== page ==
People often ask if we work with artisan groups in the US, which gives me a chance to explain that the primary aim of Ibu, from the beginning, has been to provide a market for women who otherwise would not have one. The women in rural Pakistan or South Sudan, for example, have remarkable skills but almost no acces to customers who could purchase their product; whereas women of Appalachia or even of the Geechee-Gullah corridor within which I live have unique skills but also have avenues to offer their product to a supportive customer base - at Craft shows, farmer's markets, and local boutiques. It's a question of prioritizing the greatest need.
But, there is one group native to this homeland that we are honored to support. On a remote Navajo reservation outside of Albuquerque, New Mexico, women without access to markets come together under the leadership of Etkie founder, Sydney Alfonso, to create exquisite cuffs. Weaving the finest beads in designs of their own heritage, and lining them in the softest deer skin, these women work remotely on the reservation and join together once a week to conduct their growing business.
The work is impeccable. The love in each piece is palpable. These are amulets at the wrist (which one could use these days), to keep you safe from invisible forces. A long and storied history is carried in each one.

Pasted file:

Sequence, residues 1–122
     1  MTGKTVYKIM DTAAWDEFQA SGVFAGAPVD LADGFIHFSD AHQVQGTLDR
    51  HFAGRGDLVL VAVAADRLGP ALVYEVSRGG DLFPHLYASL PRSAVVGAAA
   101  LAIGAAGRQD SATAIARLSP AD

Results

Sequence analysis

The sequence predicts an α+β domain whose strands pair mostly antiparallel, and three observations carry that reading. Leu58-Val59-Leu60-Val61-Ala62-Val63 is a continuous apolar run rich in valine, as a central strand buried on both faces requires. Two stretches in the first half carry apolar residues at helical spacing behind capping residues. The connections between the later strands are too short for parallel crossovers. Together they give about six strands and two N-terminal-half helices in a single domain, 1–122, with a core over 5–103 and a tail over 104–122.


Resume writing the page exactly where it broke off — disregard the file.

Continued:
Many of us are obviously concerned about what is happening within our borders during this staggering shutdown. I wanted you to know about these strong women, always at six feet of separation on their open lands, and how they have found a way to come together while maintaining their independence at home. I thought you'd be interested in how they have grown from making 200 cuffs each year to 5000 last year. How they have successfully created a social enterprise on their native land, out of their own hands.
That is the hope of women around the globe. To do their finest work. To put that work before you - before interested, compassionate, discriminating buyers, Buyers who want meaning in what you buy, and want to buy more than a product - you want to buy with purpose, invest in promise, promote beauty. You want to bring hope to whose who work hard and work honestly and bring all of themselves to their task.
As Sydney said of the social enterprise she began: Our business model is fairly simple. We invest in women.
I'm so in. 100% in. Here on this native land, and in reaches far beyond. Proud to bring a market as savvy as you to women as remarkable as these.
Be well; entertain hope.
Susan Hull Walker